Wednesday, December 22, 2010

This Is Important! Best Albums of 2010

Spin, Rolling Stone, MTV, NPR, they all feel it important to dictate what is best for us at the end of each year with their "best albums" lists. I hate lists. I hate 'em cuz I'm a sucker for them. Only problem is that I don't like their lists. So here's my one and only "best albums of 2010" that I will ever make (yes, I meant what I said). And instead the afore mentioned media outlets tell you what to think, I'm gonna tell you what is best for you this year.

#1 Foxy Shazam- Foxy Shazam
All year, it has been my goal to shove Foxy Shazam into the ear hole of any willing victim. Why do I love Foxy Shazam so much? Perhaps it is because they don't fall into one genre. Perhaps their live show is most awesome-est show in the world right now. However, they are also extremely versatile and talented. They do Soul, Punk, Gospel, Glam, Hard Rock, you name it. Lead singer Eric Nally explains it like this: "When I listen to a Foxy Shazam record I think of Evel Knievel, Bruce Springsteen, my childhood, Van Morrison, my old friends from high school I don't talk to anymore, Elton John, the '50s, '60s, '70s, '80s, '90s and beyond, Iggy Pop and my first kiss." Kapish?
What some people miss is the surprising candid and sincere lyrical content. Most are often caught up in their live shows (again, one of the best I've ever seen) and miss that Nally is singing about fear of success, dispensing advice to his son, life's struggles, trying to the right thing, and bits of blown up bodies flying through the air.
I admit that, for some, it is hard to appreciate or even comprehend Foxy Shazam unless you've seen them live. So, when you do give Foxy Shazam a try, simply follow Eric Nally's advice: "When you listen to our record, think of your favorite things and it'll make sense to you as well. Foxy Shazam is not concerned with what category it falls into".

#2 Jonsi- Go
Jonsi, lead singer of Icelandic super group Sigur Ros, gave us the most brilliant solo album in 2010. If my beloved Amber had made this list, it would've been number one. So I'm making it a close second.
When we saw Jonsi live a couple of months ago, one spectator I talked to afterward nailed Jonsi's effort when she said "Sigur Ros can be an almost spiritual experience. However, Jonsi's album was total exhilaration." In a society where most people still prefer a painting of some dogs playing poker at a card table, Jonsi is our lone Monet'. He literally creates and paints landscapes and events with his music. This is clearly evident in songs like "Tornado", "Boy Lilikoi", and "Kolnidur". This album puts my mind in a good place every time I listen to it with pictures of Icelandic glaciers and cool volcano beaches helping me cope with being stuck in the suffocating heat of Arizona.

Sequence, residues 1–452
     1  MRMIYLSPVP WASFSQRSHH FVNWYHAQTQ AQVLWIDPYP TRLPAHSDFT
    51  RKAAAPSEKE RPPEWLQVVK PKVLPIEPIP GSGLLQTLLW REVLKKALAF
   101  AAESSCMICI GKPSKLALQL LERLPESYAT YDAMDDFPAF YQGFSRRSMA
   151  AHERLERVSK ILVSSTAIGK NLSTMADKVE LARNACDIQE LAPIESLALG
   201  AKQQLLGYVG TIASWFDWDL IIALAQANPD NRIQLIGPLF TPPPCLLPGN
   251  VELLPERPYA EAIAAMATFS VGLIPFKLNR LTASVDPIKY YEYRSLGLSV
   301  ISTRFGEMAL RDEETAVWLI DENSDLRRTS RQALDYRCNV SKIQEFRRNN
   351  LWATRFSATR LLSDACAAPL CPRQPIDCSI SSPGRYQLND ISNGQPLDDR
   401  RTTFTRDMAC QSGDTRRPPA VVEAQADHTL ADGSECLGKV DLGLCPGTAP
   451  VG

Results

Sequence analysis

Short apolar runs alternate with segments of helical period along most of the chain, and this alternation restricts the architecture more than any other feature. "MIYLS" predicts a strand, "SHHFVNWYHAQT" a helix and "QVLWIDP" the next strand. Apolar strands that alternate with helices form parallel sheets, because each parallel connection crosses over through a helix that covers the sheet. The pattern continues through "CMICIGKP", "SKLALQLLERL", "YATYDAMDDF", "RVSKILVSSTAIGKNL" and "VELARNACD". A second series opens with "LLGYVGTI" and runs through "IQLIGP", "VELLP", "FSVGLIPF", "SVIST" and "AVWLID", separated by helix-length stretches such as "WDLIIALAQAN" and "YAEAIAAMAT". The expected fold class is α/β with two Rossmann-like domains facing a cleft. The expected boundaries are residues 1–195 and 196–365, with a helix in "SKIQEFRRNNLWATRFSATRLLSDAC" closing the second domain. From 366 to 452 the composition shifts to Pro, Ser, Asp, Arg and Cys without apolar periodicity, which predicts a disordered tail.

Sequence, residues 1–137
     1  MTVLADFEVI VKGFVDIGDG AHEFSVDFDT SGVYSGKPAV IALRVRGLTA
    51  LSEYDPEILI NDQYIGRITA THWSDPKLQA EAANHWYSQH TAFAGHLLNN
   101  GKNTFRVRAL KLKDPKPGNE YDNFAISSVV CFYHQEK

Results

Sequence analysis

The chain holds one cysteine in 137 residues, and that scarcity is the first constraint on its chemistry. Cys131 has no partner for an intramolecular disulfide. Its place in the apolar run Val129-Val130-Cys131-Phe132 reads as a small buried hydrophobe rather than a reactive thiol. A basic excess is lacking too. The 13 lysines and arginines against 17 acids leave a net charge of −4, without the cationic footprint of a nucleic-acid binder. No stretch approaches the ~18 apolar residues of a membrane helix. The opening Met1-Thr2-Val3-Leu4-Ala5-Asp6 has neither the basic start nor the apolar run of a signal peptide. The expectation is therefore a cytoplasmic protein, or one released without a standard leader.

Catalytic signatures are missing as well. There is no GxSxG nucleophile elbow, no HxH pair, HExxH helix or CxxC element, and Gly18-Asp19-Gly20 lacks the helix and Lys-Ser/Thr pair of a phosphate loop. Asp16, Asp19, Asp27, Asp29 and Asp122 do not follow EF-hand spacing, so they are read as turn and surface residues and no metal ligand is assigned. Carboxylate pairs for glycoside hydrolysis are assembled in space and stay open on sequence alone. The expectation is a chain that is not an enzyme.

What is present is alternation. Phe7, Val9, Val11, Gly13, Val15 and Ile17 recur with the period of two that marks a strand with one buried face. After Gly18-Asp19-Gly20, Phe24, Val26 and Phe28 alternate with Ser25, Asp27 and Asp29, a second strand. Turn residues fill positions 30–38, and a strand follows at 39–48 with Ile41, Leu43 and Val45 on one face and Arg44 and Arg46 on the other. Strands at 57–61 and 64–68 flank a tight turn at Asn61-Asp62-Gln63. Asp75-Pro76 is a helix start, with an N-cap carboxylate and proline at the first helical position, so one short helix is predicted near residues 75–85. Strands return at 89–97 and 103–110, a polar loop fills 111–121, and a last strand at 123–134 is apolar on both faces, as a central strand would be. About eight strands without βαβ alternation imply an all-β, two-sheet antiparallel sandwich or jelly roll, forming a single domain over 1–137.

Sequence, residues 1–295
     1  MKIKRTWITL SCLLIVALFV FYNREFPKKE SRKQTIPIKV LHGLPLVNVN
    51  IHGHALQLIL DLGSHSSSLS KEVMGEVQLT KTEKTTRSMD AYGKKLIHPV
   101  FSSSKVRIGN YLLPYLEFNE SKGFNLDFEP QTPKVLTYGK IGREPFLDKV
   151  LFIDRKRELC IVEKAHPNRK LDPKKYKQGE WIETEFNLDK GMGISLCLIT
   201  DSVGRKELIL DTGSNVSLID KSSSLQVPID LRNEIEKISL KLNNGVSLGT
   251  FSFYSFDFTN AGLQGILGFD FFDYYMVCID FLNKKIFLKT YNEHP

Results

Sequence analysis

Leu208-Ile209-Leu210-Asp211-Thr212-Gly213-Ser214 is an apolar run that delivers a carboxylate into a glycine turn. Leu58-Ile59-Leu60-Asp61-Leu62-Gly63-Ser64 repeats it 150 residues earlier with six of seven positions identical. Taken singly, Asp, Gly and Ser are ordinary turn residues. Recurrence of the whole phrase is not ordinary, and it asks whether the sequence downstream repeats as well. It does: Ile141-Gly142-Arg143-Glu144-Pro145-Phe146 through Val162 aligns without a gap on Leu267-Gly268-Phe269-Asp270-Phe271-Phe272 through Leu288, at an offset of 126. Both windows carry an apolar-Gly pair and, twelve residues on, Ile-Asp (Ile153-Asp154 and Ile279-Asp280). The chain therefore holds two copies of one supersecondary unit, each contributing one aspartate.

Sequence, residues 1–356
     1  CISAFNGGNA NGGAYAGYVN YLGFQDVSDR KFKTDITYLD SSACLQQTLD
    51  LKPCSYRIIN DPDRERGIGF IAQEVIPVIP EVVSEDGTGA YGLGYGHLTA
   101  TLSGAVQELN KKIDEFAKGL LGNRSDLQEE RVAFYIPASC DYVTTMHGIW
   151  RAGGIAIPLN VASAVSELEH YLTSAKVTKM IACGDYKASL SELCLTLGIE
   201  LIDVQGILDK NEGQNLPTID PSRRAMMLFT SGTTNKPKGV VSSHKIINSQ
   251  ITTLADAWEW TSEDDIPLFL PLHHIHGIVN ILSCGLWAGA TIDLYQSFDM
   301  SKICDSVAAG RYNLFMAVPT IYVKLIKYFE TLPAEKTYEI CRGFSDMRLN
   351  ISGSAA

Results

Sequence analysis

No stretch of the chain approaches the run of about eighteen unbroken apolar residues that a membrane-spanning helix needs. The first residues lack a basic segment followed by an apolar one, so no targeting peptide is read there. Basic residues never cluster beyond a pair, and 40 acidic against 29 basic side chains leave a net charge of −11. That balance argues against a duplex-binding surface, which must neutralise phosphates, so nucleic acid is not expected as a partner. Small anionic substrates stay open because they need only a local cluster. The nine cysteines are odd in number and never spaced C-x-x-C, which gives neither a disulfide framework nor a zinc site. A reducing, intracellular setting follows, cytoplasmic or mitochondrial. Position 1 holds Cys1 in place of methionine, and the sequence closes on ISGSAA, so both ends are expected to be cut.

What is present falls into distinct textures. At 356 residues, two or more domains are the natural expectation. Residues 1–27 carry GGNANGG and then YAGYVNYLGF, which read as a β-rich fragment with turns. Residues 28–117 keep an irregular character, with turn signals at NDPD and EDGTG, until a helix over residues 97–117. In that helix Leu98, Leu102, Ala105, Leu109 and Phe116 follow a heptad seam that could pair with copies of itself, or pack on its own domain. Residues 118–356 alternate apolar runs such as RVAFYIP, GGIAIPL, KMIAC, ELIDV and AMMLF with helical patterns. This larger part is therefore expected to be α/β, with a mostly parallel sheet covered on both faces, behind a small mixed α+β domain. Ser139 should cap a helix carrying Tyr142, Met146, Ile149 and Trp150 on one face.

Jonsi, is not for everyone, but he should be. His falsetto is a little too much for some and the fact that some of the songs are in Icelandic creates a hurdle for others. Like Sigur Ros, his style is an acquired taste. But that style is "exhilarating" if you give his music a fair shot.

#3 The White Stipes- Under Great White Northern Lights
Does anyone rock as thoroughly as Jack White? Nope. Technically, this is a recording of their tour of Canada in 2007. But the album came out in March of this year. After watching the rock-u-mentary feature Jack White, Jimmy Page, and U2's the Edge, no one can deny what a mad genius Jack White is and UGWNL only reaffirms this.
Listen to their cover of Dolly Parton's "Jolene". Dolly's original version was a sweet naive plea to a woman to not steal her man. The White Stripes take the song and make it a heart-wrenching cry for mercy. One of my favorite songs of the year.
The White Strips gain a lot of points in my book for sounding better live than their engineered studio recordings. UGWNL captures the genius of Jack White, the loving relationship between he and Meg White, all the brilliant improvisations, and all out good ol' Detroit Rock 'n' Roll. This is precisely the type of album that inspires a kid to pick up a guitar and learn how to play.
#4 Alkaline Trio- This Addiction

I'm a long time Trio fan, so there is no revelation that this album fell on this list. Alkaline Trio has been churning out straight up simple goth-punk for years with little variation. Some claim this album resembles their efforts from their early years. I don't care. It might be a little more introspective leaving out some of their typical horror show themes, but its still all good fun to me. Songs like "Dine, Dine My Darling" (clearly a Misfits reference) , "Draculina", and "This Addiction" are all the types of songs you crank up in your car and sing along to.

#5 Les Savy Fav- Root for Ruin

Part of the post-hardcore movement, Les Savy Fav is what Fugazi would sound like if Fugazi didn't take themselves so seriously. Apparently they've been around for years, but I only found out about them this summer. I'm cool like that.
Remember that over-weight balding guy with a beard that has lived in your dorm for the past eight years cuz he' s not keen on graduating and getting a job? That would be Les Savy Fav. This is the type of band you could find playing in the basement of an old Masonic temple for five bucks per kid. Their album "Root for Ruin" reminds me of all the fantastic bands in the mid 90's in the Northwest that were overshadowed by the grunge movement. I guess that is why I'm drawn to it.
This is a simple, unpolished, and unapologetic rock album (or post-hardcore if you need to be specific). Very raw and deliberate, it has a Stooges quality to it. Highly recommended for those who are tired with the polished saccharin crap kids are force fed these days.
There you go. That's my small list. Enjoy.

1 comment:

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